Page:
SONIC REDUCER Fierce. Bad. Doth Beyonce Knowles and Michael Jackson protest too much? More than two decades separated them, along with crucial biographical details, gender, and a kind of comfort in one's skin. Yet both drink deeply from the same well of R&B pop perfection, after emerging, solo, from the safety and suffocation of the family-like combo. Both faintly evoke Jackson's go-to mom for Prince, Paris, and Prince II (a.k.a. Blanket), Diana Ross. Both walk that tightrope of personal vulnerability and arena-friendly theater, the real and the fantastic, artful display and emotional artifice. Both have been philanthropists, ready with a vision to heal the world, and armed with a staunch commitment to spectacle and an iron will (to entertain) encased in a sparkly or titanium robot glove.
But entertain a morbid thought: if Knowles were to crash and burn her Thierry Mugler motorcycle breastplate during her current "I Am ... Tour" said to out-razzle-dazzle all predecessors with its aerial flips and 70-some costumes would she be revered like Jackson? She's made her share of great, timely, and timeless singles: "Crazy in Love," "Baby Boy," "Irreplaceable." And you can easily hear Mikey within the tender whisper-to-a-scream "If I Were a Boy." But Knowles' bifurcated self unsettles on I Am ... Sasha Fierce (Sony/Music World, 2008), an album tidily separating in two, its ballads and bangers distributed between two discs, as if simuutf8g vinyl.
Sasha Fierce is a clear bid for album-like complexity, depth, and, gak, maturity. It leads with the earmarked-as-important slow dances and power ballads and disrupts the single-centered paradigm, making us wait for the champagne-bubbly, bustling "Single Ladies (Put a Ring on It)." Surprisingly old-school in its marriage-minded sentiments for a woman who makes a point of touring with an all-female band, the track hints at the cognitive dissonance that makes Michael Jackson studies so rich. Given time, Jackson might even have wanted to tweak his beauty to mimic Knowles' healthy naturalism, rivaled only by Rihanna's as current pop's beauty standard.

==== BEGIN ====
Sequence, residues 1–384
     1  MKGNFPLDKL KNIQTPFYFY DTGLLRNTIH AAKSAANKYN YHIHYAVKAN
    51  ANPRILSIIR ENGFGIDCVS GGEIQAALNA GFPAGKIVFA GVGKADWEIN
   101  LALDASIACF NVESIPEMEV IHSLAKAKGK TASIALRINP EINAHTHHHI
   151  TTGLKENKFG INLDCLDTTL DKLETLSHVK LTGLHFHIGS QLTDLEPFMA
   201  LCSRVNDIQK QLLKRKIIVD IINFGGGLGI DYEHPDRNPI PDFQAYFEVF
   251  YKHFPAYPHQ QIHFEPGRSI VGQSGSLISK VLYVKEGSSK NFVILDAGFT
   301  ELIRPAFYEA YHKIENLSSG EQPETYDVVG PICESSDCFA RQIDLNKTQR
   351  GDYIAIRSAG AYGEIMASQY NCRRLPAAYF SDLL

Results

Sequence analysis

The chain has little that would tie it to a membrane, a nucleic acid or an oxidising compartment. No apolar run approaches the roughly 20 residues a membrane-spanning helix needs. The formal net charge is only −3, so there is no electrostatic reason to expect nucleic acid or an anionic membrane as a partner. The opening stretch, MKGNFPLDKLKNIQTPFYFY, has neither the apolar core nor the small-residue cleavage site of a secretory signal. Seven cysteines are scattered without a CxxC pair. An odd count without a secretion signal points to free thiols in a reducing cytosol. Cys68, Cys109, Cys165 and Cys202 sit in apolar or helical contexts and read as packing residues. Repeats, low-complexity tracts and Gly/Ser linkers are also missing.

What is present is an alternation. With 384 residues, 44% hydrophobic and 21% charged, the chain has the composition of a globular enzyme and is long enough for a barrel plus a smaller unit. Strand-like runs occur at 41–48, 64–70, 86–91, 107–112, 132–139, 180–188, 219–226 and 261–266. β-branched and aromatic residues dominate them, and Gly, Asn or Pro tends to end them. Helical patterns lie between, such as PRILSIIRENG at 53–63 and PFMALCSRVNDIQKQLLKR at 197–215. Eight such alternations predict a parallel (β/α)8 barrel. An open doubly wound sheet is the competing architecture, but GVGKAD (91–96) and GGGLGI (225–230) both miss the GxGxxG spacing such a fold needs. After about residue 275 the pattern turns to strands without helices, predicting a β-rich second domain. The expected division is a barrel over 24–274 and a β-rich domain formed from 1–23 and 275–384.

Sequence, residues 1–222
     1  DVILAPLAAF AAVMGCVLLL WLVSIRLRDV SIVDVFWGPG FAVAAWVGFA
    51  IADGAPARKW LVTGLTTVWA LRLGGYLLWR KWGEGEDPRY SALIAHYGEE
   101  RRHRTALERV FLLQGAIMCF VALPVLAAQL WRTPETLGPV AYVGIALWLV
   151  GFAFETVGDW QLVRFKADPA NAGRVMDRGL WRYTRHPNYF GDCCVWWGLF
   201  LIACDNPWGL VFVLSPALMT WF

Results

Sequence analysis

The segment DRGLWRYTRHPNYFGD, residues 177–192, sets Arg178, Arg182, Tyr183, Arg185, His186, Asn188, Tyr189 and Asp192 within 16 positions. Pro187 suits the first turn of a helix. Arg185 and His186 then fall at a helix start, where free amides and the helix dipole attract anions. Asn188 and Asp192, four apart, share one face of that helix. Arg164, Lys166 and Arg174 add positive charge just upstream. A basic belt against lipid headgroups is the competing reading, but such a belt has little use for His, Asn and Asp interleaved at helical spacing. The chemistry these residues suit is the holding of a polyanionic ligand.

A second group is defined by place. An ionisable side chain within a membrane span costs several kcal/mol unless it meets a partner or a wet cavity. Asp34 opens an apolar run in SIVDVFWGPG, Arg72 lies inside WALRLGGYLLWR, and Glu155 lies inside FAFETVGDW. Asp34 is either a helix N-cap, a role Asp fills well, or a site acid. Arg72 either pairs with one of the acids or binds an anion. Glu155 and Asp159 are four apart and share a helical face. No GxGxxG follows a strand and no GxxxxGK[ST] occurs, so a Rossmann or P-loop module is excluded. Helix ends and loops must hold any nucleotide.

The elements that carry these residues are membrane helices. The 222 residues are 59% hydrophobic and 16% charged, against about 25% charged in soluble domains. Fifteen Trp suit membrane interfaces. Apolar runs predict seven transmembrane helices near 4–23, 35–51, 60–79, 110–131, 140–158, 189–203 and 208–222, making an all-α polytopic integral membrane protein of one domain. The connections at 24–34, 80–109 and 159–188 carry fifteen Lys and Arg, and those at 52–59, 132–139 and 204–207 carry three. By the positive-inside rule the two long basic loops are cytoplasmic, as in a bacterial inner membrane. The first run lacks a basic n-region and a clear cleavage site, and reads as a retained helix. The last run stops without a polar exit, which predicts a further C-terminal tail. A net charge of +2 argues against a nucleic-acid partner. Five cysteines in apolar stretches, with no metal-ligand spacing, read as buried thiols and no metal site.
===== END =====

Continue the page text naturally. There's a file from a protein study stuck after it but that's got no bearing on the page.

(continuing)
Sasha Fierce succeeds as a long listen, settling in likeably and ingratiatingly despite irritants like "Ave Maria" and "Video Phone," which recall the ways in which B'Day (Columbia/Music World, 2006) blustered and annoyed. Its crafty, minimalist sections hint at moments spent listening to electro remixes and MIA. As with MJ, it's tough to separate the dancer from the dance: I can't help but hear Beyonce singing to Jay-Z in her protests against being treated as less than one of the boys. Now declaring the "Death of Auto-Tune," he's the talented shadow hanging over the production, another male counterpart to her executive producer and father, Matthew Knowles. Is it audacious to imagine her breaking from those intimate ties and finding her own Quincy Jones? To wonder if hipsters will be dancing to B's songs with nostalgia or irony or blissfully encumbered by neither two decades from now as they do to Michael? I'm looking forward to the moment when Beyonce resolves her two B sides and merges the woman in the mirror with the woman making the music.
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DEATH CAB FOR CUTIE DUSTS OFF ITS EXTRAS
I suspected Death Cab for Cutie had finally arrived while browsing the juniors' department of Macy's and being stopped in my tracks by the video playing on the TV monitors: it was "I Will Possess Your Heart," off Narrow Stairs (Barsuk/Atlantic, 2008), the combo's first No. 1 album on the Billboard 200.